properties; most of them should be self-explanatory. The <tt class="docutils literal"><span class="pre">sink</span></tt>
property means that this tool should be passed all command-line
options that aren't mentioned in the option list.</p>
<p>The complete list of all currently implemented tool properties follows.</p>
<ul class="simple">
<li>Possible tool properties:<ul>
<li><tt class="docutils literal"><span class="pre">in_language</span></tt> - input language name. Can be either a string or a
list, in case the tool supports multiple input languages.</li>
<li><tt class="docutils literal"><span class="pre">out_language</span></tt> - output language name. Tools are not allowed to
have multiple output languages.</li>
<li><tt class="docutils literal"><span class="pre">output_suffix</span></tt> - output file suffix. Can also be changed
dynamically, see documentation on actions.</li>
<li><tt class="docutils literal"><span class="pre">cmd_line</span></tt> - the actual command used to run the tool. You can
use <tt class="docutils literal"><span class="pre">$INFILE</span></tt> and <tt class="docutils literal"><span class="pre">$OUTFILE</span></tt> variables, output redirection
with <tt class="docutils literal"><span class="pre">&gt;</span></tt>, hook invocations (<tt class="docutils literal"><span class="pre">$CALL</span></tt>), environment variables
(via <tt class="docutils literal"><span class="pre">$ENV</span></tt>) and the <tt class="docutils literal"><span class="pre">case</span></tt> construct.</li>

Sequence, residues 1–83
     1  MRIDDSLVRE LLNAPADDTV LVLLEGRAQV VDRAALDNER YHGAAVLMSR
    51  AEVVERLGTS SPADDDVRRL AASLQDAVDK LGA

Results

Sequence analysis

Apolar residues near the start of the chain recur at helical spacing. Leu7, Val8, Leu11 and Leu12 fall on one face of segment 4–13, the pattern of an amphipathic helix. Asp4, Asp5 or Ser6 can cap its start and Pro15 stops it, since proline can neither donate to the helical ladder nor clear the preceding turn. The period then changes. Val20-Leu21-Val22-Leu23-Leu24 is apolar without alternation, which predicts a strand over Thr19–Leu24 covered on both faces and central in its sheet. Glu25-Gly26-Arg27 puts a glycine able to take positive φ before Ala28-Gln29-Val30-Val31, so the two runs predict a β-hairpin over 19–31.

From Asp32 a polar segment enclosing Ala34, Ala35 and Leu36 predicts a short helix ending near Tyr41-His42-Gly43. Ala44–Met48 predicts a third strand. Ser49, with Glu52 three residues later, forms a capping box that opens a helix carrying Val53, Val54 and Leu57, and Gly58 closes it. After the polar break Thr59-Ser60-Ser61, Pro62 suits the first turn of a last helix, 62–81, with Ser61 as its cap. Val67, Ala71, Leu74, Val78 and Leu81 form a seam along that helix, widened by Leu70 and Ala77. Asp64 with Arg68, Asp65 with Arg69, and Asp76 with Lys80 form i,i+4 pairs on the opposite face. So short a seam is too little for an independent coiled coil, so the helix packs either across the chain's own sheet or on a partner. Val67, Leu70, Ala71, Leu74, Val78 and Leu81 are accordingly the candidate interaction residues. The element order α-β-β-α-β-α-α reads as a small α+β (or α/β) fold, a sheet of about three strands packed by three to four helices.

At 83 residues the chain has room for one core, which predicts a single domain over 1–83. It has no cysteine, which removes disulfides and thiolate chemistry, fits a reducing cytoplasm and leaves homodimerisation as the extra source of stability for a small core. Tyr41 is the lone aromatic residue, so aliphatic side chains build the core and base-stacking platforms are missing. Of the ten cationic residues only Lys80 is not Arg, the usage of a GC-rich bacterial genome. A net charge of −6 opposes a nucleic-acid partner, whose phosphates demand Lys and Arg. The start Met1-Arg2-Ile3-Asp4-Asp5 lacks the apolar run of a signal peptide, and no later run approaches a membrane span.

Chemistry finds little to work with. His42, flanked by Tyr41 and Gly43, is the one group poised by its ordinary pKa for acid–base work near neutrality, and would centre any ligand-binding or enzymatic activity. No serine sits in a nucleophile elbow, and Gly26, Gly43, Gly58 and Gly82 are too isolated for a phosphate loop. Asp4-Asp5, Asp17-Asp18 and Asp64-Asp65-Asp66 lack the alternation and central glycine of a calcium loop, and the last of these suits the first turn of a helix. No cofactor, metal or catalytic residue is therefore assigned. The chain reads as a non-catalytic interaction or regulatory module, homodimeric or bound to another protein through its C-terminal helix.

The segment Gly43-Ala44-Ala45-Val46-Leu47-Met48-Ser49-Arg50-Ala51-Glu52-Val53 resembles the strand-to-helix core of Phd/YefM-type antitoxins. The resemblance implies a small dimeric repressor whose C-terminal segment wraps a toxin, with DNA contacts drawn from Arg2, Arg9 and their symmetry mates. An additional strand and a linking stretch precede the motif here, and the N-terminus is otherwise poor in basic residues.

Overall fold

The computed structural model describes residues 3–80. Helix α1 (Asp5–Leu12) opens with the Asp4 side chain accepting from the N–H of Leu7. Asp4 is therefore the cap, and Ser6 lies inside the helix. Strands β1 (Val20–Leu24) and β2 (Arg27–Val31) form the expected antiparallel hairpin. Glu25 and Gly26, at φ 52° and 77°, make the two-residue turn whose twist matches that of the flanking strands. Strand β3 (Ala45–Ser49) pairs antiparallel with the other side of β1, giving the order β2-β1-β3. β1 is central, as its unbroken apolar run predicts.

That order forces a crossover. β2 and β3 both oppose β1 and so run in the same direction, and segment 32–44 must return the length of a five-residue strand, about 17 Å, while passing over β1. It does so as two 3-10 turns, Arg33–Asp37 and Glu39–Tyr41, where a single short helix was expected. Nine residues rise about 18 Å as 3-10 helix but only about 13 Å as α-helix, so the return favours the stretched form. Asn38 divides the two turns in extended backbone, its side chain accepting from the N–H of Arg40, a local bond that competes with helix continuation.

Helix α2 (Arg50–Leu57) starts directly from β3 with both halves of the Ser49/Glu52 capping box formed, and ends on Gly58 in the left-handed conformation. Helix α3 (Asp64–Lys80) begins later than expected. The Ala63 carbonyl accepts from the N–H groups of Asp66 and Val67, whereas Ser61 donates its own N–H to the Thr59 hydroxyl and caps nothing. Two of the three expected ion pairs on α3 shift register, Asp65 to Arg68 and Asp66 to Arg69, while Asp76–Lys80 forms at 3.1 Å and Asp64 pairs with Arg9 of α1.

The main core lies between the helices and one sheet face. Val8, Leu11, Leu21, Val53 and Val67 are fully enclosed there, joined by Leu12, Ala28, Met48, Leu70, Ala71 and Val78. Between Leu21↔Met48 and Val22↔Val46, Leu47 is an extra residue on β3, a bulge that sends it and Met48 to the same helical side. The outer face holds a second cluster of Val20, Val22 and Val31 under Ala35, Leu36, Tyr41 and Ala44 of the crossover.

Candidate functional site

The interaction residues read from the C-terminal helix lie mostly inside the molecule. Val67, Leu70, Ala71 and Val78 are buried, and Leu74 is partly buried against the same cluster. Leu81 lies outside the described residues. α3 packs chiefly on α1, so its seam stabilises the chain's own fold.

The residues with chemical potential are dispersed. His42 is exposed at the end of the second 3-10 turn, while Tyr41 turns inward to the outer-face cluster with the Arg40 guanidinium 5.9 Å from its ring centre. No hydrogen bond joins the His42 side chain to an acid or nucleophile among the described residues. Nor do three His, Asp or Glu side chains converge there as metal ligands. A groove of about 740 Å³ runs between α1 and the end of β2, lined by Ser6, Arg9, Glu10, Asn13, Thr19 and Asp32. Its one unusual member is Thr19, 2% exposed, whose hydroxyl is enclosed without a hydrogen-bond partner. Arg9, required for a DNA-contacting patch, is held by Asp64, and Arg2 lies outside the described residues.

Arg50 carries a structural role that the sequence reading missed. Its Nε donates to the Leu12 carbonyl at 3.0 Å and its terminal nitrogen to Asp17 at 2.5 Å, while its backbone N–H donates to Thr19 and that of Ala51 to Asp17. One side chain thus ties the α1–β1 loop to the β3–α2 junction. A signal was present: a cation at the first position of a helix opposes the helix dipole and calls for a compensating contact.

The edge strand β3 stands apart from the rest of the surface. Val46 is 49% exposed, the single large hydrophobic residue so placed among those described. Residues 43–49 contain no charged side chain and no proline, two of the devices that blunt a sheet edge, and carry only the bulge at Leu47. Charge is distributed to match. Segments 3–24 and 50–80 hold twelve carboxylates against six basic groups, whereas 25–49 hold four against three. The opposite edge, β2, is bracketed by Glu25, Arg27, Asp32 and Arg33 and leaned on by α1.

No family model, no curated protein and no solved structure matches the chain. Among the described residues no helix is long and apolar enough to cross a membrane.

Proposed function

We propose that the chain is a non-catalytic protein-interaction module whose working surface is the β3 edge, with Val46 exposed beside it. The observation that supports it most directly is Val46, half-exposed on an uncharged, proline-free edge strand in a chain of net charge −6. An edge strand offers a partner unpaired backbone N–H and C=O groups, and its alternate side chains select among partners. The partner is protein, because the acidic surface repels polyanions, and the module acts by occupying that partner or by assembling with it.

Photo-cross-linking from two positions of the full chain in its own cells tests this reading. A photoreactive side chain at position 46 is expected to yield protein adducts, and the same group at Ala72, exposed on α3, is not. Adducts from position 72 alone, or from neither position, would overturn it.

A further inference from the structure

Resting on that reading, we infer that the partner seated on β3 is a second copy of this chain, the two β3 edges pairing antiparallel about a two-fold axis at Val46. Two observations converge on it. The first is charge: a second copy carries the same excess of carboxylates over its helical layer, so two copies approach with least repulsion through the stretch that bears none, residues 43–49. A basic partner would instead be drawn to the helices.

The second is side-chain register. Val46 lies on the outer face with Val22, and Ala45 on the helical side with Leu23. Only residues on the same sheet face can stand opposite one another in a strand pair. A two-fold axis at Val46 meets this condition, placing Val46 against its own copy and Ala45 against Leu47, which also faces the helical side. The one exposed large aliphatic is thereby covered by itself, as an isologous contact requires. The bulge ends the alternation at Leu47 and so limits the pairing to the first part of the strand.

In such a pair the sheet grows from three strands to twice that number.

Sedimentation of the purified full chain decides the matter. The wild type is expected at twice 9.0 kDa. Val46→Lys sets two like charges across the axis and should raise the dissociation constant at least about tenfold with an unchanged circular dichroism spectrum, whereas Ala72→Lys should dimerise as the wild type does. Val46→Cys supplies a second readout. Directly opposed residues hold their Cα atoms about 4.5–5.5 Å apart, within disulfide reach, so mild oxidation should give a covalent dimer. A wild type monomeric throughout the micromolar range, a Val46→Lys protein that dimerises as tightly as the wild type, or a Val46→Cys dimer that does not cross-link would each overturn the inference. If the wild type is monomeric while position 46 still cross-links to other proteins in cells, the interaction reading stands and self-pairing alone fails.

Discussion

<li><tt class="docutils literal"><span class="pre">join</span></tt> - this tool is a &quot;join node&quot; in the graph, i.e. it gets a
list of input files and joins them together. Used for linkers.</li>
<li><tt class="docutils literal"><span class="pre">sink</span></tt> - all command-line options that are not handled by other
tools are passed to this tool.</li>
<li><tt class="docutils literal"><span class="pre">actions</span></tt> - A single big <tt class="docutils literal"><span class="pre">case</span></tt> expression that specifies how
this tool reacts on command-line options (described in more detail
<div class="section">
<h2><a class="toc-backref" href="#id13" id="actions" name="actions">Actions</a></h2>
<p>A tool often needs to react to command-line options, and this is
precisely what the <tt class="docutils literal"><span class="pre">actions</span></tt> property is for. The next example
illustrates this feature:</p>
<pre class="literal-block">
def llvm_gcc_linker : Tool&lt;[
    (in_language &quot;object-code&quot;),
    (out_language &quot;executable&quot;),
    (output_suffix &quot;out&quot;),
    (cmd_line &quot;llvm-gcc $INFILE -o $OUTFILE&quot;),
    (actions (case (not_empty &quot;L&quot;), (forward &quot;L&quot;),
                   (not_empty &quot;l&quot;), (forward &quot;l&quot;),
                   (not_empty &quot;dummy&quot;),
                             [(append_cmd &quot;-dummy1&quot;), (append_cmd &quot;-dummy2&quot;)])
<p>The <tt class="docutils literal"><span class="pre">actions</span></tt> tool property is implemented on top of the omnipresent